These restrictions mean that there is no shortage of red tape to be negotiated by those seeking to apply for permits, purportedly, so as to minimize the risks of abuse. However, whilst the draft represents an historical step in the direction of realizing the use of medicinal marijuana in South Africa, MP Singh has stated that it is unclear how long it will take for the draft documents to become the law. This means that, despite the tentative efforts of the draft guidelines at exploring the conditions whereby medicinal marijuana production might take place in future, permits are not currently being issued and will not begin to be issued until the existing legislative framework is adapted. Specifically, the Medicines and Related Substances Amendment Act of 2015 and the draft guidelines must be officially passed into law.

The Central Drug Authority Adopts a Different Stance

In June 2016, the South African Central Drug Authority (CDA) issued a definitive statement indicating a shift in their position through a call for the decriminalization of marijuana. In accordance with the Prevention of and Treatment for Substance Abuse Act, the CDA is an advisory body for the government, mandated to facilitate the management of substance abuse.

What exactly does decriminalization mean and what was the CDA’s reasoning behind this policy shift? Decriminalization is not the same as legalization: in the case of the former, marijuana would still be considered an illegal substance but those that use it would not be prosecuted as criminals.

The CDA, therefore, have advised that the government shift to a middle-ground approach between criminalization and legalization

The CDA holds that this revision seeks to minimise harm in the case of those who are likely to use marijuana. Professor Dan Stein – CDA head researcher and department head at UCT’s division of psychiatry and mental health – has commented on the matter. Specifically, professor Stein alluded to the glaring absence of any evidence supporting the idea that criminalizing marijuana will decrease its use. Anecdotally, this is clearly evident in the fact that many South Africans use the substance despite its illegal status.

This begs the question: why are South Africans still being criminalized if there is nothing to suggest that this law is in anyway helpful? Decriminalization, on the other hand, would mean that fewer people will end up in jail, thus easing the load on our already overburdened criminal justice system. Furthermore, decriminalization would afford those that are at risk of abusing marijuana greater chances of securing opportunities for employment, education and rehabilitation (when indicated), Arguably, in cases of drug abuse (as distinguished from recreational or medicinal use) the very contextual factors mentioned above – unemployment and a lack of education – serve as risk factors for substance abuse. From this perspective, criminalization is counter-intuitive and this appears to be one of the lines of reasoning underlying the CDA’s recent policy shift.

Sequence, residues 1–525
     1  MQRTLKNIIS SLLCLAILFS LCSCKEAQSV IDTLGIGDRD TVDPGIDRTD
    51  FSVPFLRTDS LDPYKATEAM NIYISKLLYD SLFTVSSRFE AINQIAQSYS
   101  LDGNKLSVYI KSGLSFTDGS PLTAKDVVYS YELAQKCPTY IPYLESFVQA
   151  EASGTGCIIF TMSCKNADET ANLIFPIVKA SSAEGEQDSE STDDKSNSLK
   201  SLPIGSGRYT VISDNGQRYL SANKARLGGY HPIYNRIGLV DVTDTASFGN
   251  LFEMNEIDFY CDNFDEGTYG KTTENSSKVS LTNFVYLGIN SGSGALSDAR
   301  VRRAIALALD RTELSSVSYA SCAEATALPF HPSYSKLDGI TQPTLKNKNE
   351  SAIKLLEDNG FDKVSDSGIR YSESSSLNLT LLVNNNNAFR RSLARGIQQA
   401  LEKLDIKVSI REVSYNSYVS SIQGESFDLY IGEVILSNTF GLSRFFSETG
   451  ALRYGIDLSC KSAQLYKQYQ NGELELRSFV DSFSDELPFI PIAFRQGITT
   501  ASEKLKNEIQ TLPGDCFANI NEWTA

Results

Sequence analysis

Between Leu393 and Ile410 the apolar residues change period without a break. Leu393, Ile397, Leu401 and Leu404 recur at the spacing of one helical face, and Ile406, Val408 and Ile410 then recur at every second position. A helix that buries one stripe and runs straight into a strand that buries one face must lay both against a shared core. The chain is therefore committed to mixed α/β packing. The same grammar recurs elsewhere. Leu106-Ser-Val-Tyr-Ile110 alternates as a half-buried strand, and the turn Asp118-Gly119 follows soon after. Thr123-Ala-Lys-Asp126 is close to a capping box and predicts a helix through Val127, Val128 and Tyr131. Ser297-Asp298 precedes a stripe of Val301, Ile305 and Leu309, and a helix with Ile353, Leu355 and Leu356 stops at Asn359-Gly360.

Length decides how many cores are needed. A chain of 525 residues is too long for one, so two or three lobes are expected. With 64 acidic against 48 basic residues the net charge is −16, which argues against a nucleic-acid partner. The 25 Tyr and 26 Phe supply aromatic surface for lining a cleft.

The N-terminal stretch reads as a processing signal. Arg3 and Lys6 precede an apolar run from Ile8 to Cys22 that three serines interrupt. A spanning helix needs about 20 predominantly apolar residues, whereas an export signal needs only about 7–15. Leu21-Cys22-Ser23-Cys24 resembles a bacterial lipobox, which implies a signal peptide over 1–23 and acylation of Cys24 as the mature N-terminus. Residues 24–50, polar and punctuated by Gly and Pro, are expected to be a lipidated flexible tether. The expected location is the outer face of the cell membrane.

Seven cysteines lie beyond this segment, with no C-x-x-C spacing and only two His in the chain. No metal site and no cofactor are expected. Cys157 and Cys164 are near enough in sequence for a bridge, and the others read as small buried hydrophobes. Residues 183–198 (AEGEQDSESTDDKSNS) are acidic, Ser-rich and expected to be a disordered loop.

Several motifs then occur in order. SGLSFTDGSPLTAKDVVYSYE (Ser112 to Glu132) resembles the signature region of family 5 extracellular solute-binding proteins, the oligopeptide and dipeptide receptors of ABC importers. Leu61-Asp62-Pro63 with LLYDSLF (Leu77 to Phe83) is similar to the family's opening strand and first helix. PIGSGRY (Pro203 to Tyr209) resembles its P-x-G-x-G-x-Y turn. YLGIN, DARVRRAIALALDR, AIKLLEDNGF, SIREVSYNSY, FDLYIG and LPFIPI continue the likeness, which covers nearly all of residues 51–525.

However, the CDA are not in favour of legalization, again with recourse to the argument that there is simply not enough evidence to suggest that this will not be harmful. In the words of Professor Stein: “what we’re trying to do is take a look at the evidence and take reasonable and balanced way forwards”. The CDA, therefore, have advised that the government shift to a middle-ground approach between criminalization and legalization. That is, decriminalization.

The 2017 Western Cape High Court Ruling

The 31st of March was yet another highly significant day for cannabis rights activists in South Africa. Specifically, an important ruling was passed in court following an application by The Dagga Party, who demanded that the laws prohibiting marijuana use be reassessed. The application was spearheading by Jeremy Acton, head of The Dagga Party; and Rastafarian Gareth Prince. Together, they confidently argued their case in court without formal legal representation. In culminating this legal process, Judge Dennis Davis determined the following: that it is unconstitutional to prevent people from cultivating and using marijuana in the privacy of their own homes. So, what does this mean exactly?

If you are arrested and charged for possession or growing, you can use the ruling as a “defense to a charge” in court

Quite simply: it is still illegal to own or use marijuana. However, the ruling means that South Africans can smoke and grow in the safety of their own homes, with a slightly greater peace of mind that they will not face legal ramifications. Why only a slightly greater peace of mind? As of yet, no laws have been formally changed, because the ruling has yet to be passed through the constitutional court. As such, the old laws will stand for a maximum of two years before they need to be reassessed and amended. Currently, if one is charged for smoking the herb in the privacy of one’s home, one has a right to use their constitutional right to privacy as a defense against the possible charge.

However the police can technically still go into one’s home and arrest one for the use or possession. It just means that if you are arrested and charged for possession or growing, you can use the ruling as a “defense to a charge” in court. Naturally, this pertains only to home use, and is centered around privacy. Smoking in your yard while the world and neighbours can see etc won’t fly.